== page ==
Saturday, May 8, 2010

Absorption Pasta

This was my first attempt at making "absorption" pasta, which basically means instead of cooking the pasta as normal in a pot of water, you cook the pasta in broth and allow the pasta to completely absorb the liquid.  It should imbue the pasta with flavor and sort of creates a natural creamy sauce.  I took a recipe from Design*Sponge that I saw on The Kitchn and changed and added ingredients. My version had green beans and Parmesan cheese instead of asparagus and feta.  For seasoning, I used garlic, lemon zest, and basil(that I grew!) Changes to the recipe are in italics...


I can't say I was thrilled with this pasta, but I think it may be that I'm not used to the absorption method.  Mine turned out a little stickier than I would have liked.  Though it tasted okay, I might change some of the ingredients if I make this again.


Absorption Pasta

Serves 4-6


3/4 lb. (350g) good-quality penne (the cooking time of my penne lists an 8-9 minute cooking time)
2 or 3 shallots, finely sliced, or half of a small yellow onion, finely diced
2-4 slices of pancetta, chopped
1 bunch asparagus or Green beans
1/4 lb. (115g) Feta cheese
Zest of one lemon
1 clove garlic, minced
4 cups (960ml) Chicken stock
Kosher salt and freshly-ground pepper
2 tablespoons (30ml) Olive Oil
1 clove garlic, minced
2 or 3 basil leaves


If you use asparagus, prepare the asparagus: Snap off the woody ends. Cut each stalk into angled pieces roughly the length and shape of the pasta.  Keep the tips separate from the stalks once you have cut them, as you will add them to the pasta at different times later.
Prepare the pancetta: Put olive oil in a saucepan with tall sides over medium-high heat (I use a 4-quart saucepan for this amount of pasta). Once the oil has heated up, cook the pancetta to render the fat and crisp it up. Remove from the saucepan and and set it aside.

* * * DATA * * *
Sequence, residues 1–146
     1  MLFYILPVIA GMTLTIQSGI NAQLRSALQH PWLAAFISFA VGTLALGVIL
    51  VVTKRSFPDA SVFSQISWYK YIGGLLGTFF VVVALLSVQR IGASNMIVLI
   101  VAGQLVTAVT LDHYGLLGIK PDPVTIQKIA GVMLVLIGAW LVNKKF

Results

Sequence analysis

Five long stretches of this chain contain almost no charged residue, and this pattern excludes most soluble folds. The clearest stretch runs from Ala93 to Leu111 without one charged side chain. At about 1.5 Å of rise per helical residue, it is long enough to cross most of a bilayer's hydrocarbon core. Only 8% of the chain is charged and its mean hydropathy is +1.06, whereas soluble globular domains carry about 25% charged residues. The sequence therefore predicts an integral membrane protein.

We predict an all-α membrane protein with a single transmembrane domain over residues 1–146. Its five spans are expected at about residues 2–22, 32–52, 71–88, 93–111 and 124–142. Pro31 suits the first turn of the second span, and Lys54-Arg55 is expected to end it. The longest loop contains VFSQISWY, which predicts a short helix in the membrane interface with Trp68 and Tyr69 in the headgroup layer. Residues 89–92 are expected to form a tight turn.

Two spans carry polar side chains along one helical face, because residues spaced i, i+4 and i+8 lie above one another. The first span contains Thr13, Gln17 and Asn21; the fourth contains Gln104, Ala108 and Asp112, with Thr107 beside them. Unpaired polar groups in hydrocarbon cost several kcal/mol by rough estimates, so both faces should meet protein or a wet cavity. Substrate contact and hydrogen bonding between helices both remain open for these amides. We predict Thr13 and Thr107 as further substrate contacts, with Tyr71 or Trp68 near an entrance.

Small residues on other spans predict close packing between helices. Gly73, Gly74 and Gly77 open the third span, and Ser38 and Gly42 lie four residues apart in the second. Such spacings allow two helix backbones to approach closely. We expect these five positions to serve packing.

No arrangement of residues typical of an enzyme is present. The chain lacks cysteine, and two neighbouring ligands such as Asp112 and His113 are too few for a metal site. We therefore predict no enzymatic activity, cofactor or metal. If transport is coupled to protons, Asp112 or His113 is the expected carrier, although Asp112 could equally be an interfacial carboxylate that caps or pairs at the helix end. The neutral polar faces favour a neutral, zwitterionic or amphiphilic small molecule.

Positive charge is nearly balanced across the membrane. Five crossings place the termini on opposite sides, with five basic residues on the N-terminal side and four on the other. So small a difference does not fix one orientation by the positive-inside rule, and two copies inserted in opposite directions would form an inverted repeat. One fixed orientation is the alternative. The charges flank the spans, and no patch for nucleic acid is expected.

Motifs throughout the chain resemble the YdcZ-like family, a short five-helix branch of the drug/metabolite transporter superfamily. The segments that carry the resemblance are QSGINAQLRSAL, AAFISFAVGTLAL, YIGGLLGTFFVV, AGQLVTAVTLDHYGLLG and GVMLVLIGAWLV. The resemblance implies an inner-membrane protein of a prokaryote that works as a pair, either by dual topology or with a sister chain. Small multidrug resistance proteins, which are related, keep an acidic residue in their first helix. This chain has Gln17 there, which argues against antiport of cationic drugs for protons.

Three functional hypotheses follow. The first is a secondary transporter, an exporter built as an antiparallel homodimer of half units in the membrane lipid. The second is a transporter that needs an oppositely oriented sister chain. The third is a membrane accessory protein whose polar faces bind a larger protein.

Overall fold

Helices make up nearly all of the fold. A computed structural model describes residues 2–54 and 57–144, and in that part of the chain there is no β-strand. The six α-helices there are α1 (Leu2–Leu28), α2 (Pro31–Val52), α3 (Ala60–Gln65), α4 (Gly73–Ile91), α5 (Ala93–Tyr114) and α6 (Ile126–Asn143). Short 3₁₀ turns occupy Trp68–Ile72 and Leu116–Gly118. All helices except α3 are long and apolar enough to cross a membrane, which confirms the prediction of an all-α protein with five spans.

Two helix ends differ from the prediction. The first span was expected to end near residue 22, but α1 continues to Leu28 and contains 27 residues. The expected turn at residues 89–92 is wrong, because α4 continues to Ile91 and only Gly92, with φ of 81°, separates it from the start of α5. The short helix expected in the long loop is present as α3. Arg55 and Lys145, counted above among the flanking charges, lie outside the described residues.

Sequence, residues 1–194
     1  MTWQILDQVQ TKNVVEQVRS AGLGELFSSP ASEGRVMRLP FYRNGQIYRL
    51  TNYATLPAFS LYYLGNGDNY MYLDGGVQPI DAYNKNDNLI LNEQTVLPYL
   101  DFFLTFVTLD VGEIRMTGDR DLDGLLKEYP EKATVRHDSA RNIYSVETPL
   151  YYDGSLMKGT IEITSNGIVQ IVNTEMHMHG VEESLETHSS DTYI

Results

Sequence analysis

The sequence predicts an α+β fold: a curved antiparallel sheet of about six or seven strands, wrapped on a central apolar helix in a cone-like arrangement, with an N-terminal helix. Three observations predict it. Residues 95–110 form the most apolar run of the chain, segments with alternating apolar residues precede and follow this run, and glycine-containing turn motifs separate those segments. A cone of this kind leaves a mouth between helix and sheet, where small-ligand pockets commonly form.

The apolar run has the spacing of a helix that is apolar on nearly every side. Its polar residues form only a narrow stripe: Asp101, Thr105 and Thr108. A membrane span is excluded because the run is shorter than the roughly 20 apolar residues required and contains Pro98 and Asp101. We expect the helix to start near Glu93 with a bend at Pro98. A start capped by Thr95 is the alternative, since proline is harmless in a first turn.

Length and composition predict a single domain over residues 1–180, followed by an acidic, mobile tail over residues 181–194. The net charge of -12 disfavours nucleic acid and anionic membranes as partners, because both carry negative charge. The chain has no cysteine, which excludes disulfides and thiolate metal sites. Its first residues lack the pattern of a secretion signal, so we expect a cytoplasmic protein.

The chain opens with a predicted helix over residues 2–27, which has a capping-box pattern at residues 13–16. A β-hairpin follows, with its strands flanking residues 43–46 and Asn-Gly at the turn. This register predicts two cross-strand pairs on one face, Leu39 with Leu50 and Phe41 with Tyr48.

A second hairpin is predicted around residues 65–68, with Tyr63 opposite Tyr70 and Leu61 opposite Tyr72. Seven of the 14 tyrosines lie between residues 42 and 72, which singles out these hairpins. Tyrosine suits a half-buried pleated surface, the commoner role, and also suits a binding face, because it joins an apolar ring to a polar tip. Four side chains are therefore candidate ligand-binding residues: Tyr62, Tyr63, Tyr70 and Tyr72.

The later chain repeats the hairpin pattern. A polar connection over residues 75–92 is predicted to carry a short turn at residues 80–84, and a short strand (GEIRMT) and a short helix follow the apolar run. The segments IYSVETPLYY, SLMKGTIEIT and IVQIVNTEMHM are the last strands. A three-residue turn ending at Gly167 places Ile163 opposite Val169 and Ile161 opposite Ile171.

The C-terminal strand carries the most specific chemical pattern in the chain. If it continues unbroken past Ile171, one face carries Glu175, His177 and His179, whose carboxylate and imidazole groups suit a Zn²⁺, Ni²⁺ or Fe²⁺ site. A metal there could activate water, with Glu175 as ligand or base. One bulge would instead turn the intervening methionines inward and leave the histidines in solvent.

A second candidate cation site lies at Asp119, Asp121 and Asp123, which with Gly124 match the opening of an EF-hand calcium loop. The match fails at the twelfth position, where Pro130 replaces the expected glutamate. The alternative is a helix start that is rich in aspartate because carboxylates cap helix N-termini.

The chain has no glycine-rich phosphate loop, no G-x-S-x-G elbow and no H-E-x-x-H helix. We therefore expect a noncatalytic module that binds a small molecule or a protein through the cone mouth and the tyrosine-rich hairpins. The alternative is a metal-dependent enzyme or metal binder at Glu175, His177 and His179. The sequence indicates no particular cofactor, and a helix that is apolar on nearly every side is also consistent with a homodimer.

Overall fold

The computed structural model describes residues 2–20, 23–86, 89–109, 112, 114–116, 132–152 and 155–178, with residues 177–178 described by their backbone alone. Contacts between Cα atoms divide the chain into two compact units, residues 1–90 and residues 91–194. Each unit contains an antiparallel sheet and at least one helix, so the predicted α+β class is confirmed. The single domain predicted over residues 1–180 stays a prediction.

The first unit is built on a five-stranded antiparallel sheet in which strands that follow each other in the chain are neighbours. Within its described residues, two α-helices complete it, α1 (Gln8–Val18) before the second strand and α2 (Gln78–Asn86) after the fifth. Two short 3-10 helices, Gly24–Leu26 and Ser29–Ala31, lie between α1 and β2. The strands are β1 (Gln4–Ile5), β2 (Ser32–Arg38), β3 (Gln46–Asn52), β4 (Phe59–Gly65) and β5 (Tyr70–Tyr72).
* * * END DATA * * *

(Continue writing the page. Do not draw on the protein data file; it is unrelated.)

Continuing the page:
Cooking the pasta: Add the sliced shallots and the garlic to the pan and sauté until they start to soften, a minute or less. Add in the dry pasta and stir it around for one minute to coat it in the oil and shallots, toasting the pasta a little bit. Keep an eye on the shallots and garlic to make sure they aren’t burning.
Pour in 2.5 or 3 cups (600-720ml) of chicken stock and give it a good stir (the pasta should be nearly covered). Bring to a simmer and then reduce the heat to keep it from boiling. Cook for five to seven minutes, stirring occasionally.


When the pasta is about half done, stir in the asparagus stalks. Stir more frequently for two minutes as the stock cooks away, careful not to break the pasta.  You might need another splash of stock; you don’t want the pan to dry out all the way.  When the pasta seems to be getting close to done—test frequently!—add the asparagus tips.


Cook another minute or two, stirring constantly, until al dente.   Since this dish holds the heat and the pasta keeps cooking a little once you’ve removed it from the heat, you should err on the side of less—rather than more—cooked.
You should still have some thickened broth at the bottom of the pan; as you toss the pasta to season it this will coat everything and make it silky instead of sticky.
Remove from the heat and stir in half of the pancetta and three-quarters of the lemon zest. Season to taste, but remember that you’ll be adding salty feta on top.
Serve: Top each portion with crumbled feta, pancetta, and lemon zest.

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